Linux SCP Command Explained: Securely Copy & Transfer Files {13 Examples}

January 19, 2022

Introduction

SCP (Secure Copy Protocol) is a network protocol used to securely copy files/folders between Linux (Unix) systems on a network. To transmit, use the scp command line utility, a safer variant of the cp (copy) command.

SCP protects your data while copying across an SSH (Secure Shell) connection by encrypting the files and the passwords. Therefore, even if the traffic is intercepted, the information is still encrypted.

Use SCP when:

  • Copying files from a local host to a remote host.
  • Copying files from a remote host to a local host.
  • Copying files between two remote servers.

This guide shows you how to copy files using the SCP command and includes 13 examples of the command being used in practice.

How to use the SCP command to transfer and copy files.

Prerequisites

  • A secure shell login on the server
  • (optional) Root access on both the client and server
  • A secure shell login on the server system

SCP Command Syntax

The syntax for using the scp command is:

scp [option] [[email protected]_host:path/to/source/file] [[email protected]_host:target/path] 

If you omit:

  • the user_name of the host (or target), the command defaults to the current user.
  • the path/to/source (or the target/path) from the command, the program looks for (or copies) the file locally.

When working with remote files, always specify the user and host specifications.

Make sure to use an account with read access to the file(s) you want to copy on the source system. Additionally, you need to use an account with write access to the directory where the file(s) will be saved on the destination system.

Note: The scp command does not check the destination location before writing. Any files in the destination with the same name will be overwritten without notification.

SCP Command Options

You can add many scp command options to the command to customize and speed up the process. Options are added as attributes right after the scp command.

Each option has a short, single-character form and a longer, descriptive equivalent.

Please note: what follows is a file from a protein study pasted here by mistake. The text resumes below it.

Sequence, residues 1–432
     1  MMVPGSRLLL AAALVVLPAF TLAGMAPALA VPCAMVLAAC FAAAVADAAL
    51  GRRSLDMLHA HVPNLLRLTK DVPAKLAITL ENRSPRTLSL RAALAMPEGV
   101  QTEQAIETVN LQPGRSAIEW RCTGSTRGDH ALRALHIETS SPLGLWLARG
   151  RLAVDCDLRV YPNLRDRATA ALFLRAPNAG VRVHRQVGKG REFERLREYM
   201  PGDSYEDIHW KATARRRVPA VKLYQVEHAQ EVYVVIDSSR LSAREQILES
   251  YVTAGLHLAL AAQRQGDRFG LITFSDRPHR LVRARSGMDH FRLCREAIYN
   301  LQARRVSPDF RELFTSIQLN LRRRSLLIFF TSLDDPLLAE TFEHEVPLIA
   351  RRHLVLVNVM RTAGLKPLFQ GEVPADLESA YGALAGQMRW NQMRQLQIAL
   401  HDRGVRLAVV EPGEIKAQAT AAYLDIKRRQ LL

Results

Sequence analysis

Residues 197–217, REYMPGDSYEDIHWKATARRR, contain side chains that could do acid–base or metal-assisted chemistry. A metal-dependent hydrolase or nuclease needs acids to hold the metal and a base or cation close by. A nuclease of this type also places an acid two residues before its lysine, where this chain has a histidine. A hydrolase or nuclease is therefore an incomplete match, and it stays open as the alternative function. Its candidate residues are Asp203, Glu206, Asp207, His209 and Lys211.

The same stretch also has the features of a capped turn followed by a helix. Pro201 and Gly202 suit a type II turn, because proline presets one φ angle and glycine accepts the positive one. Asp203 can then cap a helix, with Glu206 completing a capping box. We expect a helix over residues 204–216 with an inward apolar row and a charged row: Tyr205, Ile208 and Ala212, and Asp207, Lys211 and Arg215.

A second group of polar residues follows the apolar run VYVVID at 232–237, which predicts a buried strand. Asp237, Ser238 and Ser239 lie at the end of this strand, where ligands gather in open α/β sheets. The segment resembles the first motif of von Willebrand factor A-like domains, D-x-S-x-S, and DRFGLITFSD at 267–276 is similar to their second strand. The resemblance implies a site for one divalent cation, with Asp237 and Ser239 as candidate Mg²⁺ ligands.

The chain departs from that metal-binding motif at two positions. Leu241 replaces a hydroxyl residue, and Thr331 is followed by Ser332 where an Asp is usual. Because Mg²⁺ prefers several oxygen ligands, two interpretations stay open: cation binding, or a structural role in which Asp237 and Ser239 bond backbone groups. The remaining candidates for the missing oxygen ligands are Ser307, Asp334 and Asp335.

-1Use protocol 1.
-2Use protocol 2.
-4Only use Ipv4 addresses.
-6Only use IPv6 addresses.
-BRun in batch mode, disabling all queries for user input.
-b buffer_sizeSpecify the buffer size used for data transfer. If not specified, uses the default - 32768 bytes.
-CEnable compression.
-c cipherSelect the cipher for data encryption. If not specified, SCP uses the default - ‘AnyStdCipher’.
-D debug_levelSet the debug level (1, 2, 3, or 99).
-dCopy the file, only if the destination directory already exists.
-F fileSpecify an alternative configuration file for SSH.
-hShow a list of command options.
-i fileSpecify the file from which to read the identity for public key authentication.
-l limitLimit the bandwidth (specify the limit in Kbit/s).
-o ssh_optionSet options to SSH in ssh_config format.
-P portSpecify the port to which to connect. If not specified, SCP uses port 22.
-qRun SCP in quiet mode.
-QDisable displaying any file transfer statistics.
-rCopy recursively.
-S programUse a specified program for encryption connection.
-uDelete the source file once the copy is complete.
-vEnable verbose mode, which sets the debug level to 2.

SCP Command Examples

To understand this useful utility better, take a look at the following scp command examples.

Copy a File from Local to Remote Server

In the example below, we copy a sample file from a local host to a remote server:

scp Desktop/sample_example.txt [email protected]:/home/remote_dir 

The command includes the following information:

  • Desktop/sample_example.txt - the name of the file being copied and its location.
  • [email protected] - the username and IP address of the remote server.
  • /home/remote_dir – the location where to store the copied file.
Copy a file from a local server to a remote server using the scp command.

Copy a File from a Remote Server to the Local Host

To copy a sample file from a remote host to a local host, we run:

scp 147.182.143.27:/home/remote_dir/sample_example.txt home/Desktop

The information provided is

  • [email protected] - the username and IP address of the remote server from where the file is currently located.
  • /home/remote_dir/sample_example.txt - the name of the file being copied and its location.
  • home/Desktop – the location where to store the copied file.
Copy a file from a remote server to a local server using the scp command.

Copy a File from One Remote Server to Another

Next, let’s see how to copy a file from one remote server to another remote server using the scp command:

scp [email protected]:/home/remote_dir/sample_example.txt [email protected]:home/Desktop

The command above specifies:

  • [email protected] - the username and IP address of the remote server from where the file is currently located.
  • /home/remote_dir/sample_example.txt - the name of the file being copied and its location.
  • [email protected] – the username and IP address of the remote server where we want to copy the file.
  • home/Desktop – the location where to store the copied file on the remote server.

Copy Multiple Files with SCP

SCP allows you to copy multiple files in a single command. For example, the command below copies two files from a local host to a remote server: